• Spinal Cord Injury
Biological: Platelet-rich plasma (PRP) therapy
Platelet rich plasma (PRP) describes a new technology in which platelets are isolated from a sample of a person's own blood using simple cell-separating systems such as centrifugation in order to obtain highly concentrated samples of platelets that can be re-injected into an injury site to promote healing.
Other Name: Autologous blood injections
Experimental: Platelet-rich plasma therapy
Platelet rich plasma (PRP) describes a new technology in which platelets are isolated from a sample of a person's own blood using simple cell-separating systems such as centrifugation in order to obtain highly concentrated samples of platelets that can be re-injected into an injury site to promote healing.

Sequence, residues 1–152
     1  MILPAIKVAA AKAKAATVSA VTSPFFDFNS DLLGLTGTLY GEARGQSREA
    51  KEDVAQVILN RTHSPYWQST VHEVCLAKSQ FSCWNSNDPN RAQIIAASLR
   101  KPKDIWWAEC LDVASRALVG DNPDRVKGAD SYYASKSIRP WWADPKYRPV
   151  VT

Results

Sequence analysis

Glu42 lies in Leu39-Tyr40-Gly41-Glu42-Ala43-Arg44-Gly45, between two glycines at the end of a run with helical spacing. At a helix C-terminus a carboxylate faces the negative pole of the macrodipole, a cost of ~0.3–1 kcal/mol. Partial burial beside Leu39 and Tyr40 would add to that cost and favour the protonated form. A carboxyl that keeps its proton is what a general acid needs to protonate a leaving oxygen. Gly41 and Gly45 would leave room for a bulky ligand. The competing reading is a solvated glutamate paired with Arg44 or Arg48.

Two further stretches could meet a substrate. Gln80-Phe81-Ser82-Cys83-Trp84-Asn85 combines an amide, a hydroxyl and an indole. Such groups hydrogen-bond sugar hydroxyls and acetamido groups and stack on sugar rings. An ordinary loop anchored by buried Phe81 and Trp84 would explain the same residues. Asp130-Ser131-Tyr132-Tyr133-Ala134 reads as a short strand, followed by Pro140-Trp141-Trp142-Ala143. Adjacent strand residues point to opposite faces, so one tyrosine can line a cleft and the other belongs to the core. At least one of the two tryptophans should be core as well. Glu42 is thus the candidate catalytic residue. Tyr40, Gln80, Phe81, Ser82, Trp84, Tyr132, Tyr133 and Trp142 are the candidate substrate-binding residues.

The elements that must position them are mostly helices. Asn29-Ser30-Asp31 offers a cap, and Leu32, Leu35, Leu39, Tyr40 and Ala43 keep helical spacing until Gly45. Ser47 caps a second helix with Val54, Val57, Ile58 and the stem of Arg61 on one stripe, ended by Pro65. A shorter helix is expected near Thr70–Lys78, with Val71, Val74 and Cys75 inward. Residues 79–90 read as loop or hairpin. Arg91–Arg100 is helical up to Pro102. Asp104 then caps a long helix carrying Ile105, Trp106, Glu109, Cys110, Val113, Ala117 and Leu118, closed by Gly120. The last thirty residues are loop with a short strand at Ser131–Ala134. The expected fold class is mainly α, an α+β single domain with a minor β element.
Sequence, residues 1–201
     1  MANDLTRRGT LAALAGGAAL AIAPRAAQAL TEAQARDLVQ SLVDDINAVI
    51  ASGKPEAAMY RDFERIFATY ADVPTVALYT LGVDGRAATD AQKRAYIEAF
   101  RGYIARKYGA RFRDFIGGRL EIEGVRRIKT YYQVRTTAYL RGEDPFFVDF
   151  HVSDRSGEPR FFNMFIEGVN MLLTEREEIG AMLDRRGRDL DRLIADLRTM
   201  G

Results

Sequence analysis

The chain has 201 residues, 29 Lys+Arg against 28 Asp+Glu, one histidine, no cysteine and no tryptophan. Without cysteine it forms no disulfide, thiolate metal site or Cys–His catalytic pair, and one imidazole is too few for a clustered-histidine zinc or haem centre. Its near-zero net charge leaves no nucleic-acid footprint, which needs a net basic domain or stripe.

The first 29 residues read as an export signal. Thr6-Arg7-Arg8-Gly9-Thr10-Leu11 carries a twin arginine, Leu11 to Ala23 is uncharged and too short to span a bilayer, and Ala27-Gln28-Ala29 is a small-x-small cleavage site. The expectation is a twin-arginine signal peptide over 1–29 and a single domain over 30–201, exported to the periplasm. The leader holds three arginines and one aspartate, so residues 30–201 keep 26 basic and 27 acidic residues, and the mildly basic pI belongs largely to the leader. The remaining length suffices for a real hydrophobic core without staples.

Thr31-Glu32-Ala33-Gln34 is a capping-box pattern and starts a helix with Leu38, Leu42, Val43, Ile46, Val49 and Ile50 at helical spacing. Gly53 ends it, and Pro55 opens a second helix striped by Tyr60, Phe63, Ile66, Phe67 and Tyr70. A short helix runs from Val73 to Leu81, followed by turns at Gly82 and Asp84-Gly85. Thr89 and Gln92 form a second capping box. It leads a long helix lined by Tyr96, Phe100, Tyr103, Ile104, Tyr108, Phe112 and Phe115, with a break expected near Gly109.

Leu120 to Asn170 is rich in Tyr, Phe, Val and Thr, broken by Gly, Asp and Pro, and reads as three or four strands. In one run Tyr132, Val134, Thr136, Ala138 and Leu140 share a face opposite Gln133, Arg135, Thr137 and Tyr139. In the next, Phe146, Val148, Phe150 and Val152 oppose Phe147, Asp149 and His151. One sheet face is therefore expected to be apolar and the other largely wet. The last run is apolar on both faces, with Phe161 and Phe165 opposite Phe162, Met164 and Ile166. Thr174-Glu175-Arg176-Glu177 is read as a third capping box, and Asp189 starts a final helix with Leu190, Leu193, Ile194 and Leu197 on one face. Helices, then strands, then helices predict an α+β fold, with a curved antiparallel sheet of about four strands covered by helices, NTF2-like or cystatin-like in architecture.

Intervention: Biological: Platelet-rich plasma (PRP) therapy
Not Provided

*   Includes publications given by the data provider as well as publications identified by ClinicalTrials.gov Identifier (NCT Number) in Medline.
 
Completed
6
November 2012
November 2012   (final data collection date for primary outcome measure)

Inclusion Criteria:

  • The subject is male or female, 18 to 60 years of age, inclusive.
  • The subject has neurological impairment secondary to a spinal cord injury that occurred at least twelve (12) months prior to the Screening Visit and the level of the injury is between C6 and L5, inclusive.
  • The subject is non-ambulatory except for exercise purposes and uses a manual or power wheelchair as his/her primary means of mobility (> 40 hours/week).